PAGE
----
• developed succession planning (38%);
  • hired retired employees as consultants or temporary workers (30%);
  • offered flexible work arrangements (27%); and
  • designed part-time positions to attract older workers (24%).
On the other side, 71% of those polled still have not conducted a strategic workforce planning assessment to analyze the impact of workers 50 and older who will leave their organizations.

SHRM and AARP have partnered to help U.S. businesses and organizations, and, among other things, AARP offers a free, online Workforce Assessment Tool, providing a snapshot of an organization’s workforce and demographics and analyzes its programs to leverage the talents of its older workers, and the SHRM-AARP Partnership Resource Page includes poll and survey findings, articles, and links to the assessment tool, among others.

Source: Society for Human Resource Management (SHRM) Press Release (April 9, 2012)

Wednesday, April 04, 2012

Survey: Most Boomers Retired at 65, but Some Keep Working

The MetLife Mature Market Institute reports that the first boomers to reach 65 in the United States--those born in 1946--are "retiring in droves." According to "Transitioning into Retirement: The MetLife Study of Baby Boomers at 65," 45% are completely retired, while another 14% are retired, but working part-time. Of those still working, 37% say they’ll retire in the next year and on average plan to do so by the time they’re 68.

The average retirement age for the 1946 Boomers is 59.7 for men and 57.2 for women. Of those not retired, 61% plan to retire at the same age as they planned one year ago.

With respect to those who are retired, 51% say they retired earlier than they had expected, with 40% of them saying they did so for health reasons. Overall, however, 85% of respondents consider themselves healthy, and 96% of the retirees say they like retirement at least somewhat, with 70% liking it a lot.

Source: MetLife Mature Market Institute Press Release (April 3, 2012)

Canada: Best Employers for Workers over 40

The Globe and Mail has announced its list of Top Employers for Canadians Over 40 for 2012, a group of organizations that are "taking care to keep talent in the house longer with programs and benefits designed for older workers."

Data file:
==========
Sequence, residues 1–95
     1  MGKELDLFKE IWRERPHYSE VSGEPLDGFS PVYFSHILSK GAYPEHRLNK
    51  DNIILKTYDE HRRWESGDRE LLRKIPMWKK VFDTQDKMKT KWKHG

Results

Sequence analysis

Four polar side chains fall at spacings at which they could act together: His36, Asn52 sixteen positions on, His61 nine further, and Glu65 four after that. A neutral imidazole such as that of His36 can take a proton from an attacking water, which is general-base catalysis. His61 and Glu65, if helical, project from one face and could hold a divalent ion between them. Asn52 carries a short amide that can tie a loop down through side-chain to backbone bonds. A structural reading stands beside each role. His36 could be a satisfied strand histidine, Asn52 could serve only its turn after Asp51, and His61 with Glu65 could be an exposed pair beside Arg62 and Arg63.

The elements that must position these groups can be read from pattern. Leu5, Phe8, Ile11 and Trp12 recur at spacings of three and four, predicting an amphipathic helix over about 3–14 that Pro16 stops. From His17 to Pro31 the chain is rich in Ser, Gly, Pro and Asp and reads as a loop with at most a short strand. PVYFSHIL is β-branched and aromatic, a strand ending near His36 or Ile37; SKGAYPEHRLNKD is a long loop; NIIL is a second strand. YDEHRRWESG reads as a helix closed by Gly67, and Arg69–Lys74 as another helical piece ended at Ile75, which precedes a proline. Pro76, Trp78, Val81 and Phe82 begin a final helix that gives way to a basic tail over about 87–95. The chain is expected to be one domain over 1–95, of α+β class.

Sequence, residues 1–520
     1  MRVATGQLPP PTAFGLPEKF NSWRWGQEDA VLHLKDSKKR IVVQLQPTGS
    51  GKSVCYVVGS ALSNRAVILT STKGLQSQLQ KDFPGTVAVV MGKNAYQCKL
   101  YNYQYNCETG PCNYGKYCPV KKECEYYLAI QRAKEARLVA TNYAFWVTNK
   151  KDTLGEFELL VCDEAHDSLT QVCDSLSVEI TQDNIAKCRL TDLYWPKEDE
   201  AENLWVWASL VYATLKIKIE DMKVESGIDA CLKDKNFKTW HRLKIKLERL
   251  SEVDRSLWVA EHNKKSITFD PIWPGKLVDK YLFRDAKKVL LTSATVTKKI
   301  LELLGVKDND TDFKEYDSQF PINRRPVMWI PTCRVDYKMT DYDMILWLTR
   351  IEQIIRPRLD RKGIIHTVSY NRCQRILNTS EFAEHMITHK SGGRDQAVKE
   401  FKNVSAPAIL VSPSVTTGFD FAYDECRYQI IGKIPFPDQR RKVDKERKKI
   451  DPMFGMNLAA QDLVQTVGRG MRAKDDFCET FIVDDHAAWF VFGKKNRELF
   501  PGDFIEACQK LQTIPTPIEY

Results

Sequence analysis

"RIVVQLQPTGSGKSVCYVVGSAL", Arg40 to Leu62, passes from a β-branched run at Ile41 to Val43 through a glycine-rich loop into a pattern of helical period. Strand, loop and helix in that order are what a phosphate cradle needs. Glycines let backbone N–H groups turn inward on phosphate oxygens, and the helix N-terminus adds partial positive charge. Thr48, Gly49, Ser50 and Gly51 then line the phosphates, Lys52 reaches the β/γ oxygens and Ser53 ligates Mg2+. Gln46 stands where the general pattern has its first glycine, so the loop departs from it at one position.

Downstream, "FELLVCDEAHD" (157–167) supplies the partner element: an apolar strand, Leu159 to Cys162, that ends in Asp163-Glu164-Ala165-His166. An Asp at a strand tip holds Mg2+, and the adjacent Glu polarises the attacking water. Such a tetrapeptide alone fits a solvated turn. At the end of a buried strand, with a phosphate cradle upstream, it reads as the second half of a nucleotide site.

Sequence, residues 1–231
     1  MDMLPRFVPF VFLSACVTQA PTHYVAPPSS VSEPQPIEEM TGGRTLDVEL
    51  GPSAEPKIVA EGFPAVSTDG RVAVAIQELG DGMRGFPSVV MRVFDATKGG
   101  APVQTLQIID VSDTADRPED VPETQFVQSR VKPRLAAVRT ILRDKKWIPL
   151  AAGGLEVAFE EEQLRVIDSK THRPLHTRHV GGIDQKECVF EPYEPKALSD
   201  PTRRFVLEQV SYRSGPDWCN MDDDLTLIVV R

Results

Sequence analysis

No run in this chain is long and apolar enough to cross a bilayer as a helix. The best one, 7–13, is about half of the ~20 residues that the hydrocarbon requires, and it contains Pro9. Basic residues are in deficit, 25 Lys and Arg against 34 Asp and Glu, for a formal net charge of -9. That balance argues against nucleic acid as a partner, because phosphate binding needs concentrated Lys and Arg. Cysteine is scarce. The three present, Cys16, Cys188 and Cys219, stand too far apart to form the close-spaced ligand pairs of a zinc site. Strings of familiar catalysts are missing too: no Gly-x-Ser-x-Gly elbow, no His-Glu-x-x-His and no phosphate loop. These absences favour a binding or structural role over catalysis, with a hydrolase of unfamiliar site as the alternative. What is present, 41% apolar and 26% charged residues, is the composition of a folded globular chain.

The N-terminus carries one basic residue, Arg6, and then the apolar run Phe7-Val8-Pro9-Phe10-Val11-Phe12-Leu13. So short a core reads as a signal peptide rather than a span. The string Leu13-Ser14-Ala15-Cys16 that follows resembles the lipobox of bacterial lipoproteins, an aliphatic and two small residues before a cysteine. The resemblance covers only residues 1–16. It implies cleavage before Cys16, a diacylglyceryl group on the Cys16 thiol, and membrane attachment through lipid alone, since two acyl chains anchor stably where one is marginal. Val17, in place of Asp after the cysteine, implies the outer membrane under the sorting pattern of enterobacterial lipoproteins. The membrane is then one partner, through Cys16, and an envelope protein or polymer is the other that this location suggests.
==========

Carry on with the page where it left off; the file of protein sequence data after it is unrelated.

The winners--Agriculture Financial Services Corporation, Agrium Inc., BMO Financial Group, Business Development Bank of Canada, Canadian Security Intelligence Service, Dalhousie University, Desjardins Group, EllisDon Corporation, Enbridge Inc., HP Advanced Solutions Inc., Manitoba Hydro, NB Power Holding Corporation, Office of the Auditor General of Canada, SaskTel, and University of Toronto--demonstrated their commitment to older workers through various practics:
stable pensions, particularly defined-benefit programs that have become increasingly rare over the past decade; targeted recruitment of older employees; health plans that extend into retirement with no age limit; opportunities for training and development; flexible working arrangements and time off; recognition of previous experience for vacation entitlements; retirement planning; and phased-in retirement working options and mentorship programs to ensure that skills are passed to younger workers.
At the Top Employers for Canadians Over 40 website, detailed information is provided about each of the employers.

Source: The Globe and Mail (April 3, 2012)

Tuesday, April 03, 2012

Older Workers More Susceptible to Salary Envy than Younger Workers, Reducing Overall Happiness

According to a research paper presented at the 2012 Royal Economic Society Conference, the bigger salaries of high flying colleagues have been found to harm self-esteem and reduce life satisfaction in workers over 45, while knowing that your colleagues and peers earn more than you can actually raise your satisfaction levels of those under 45.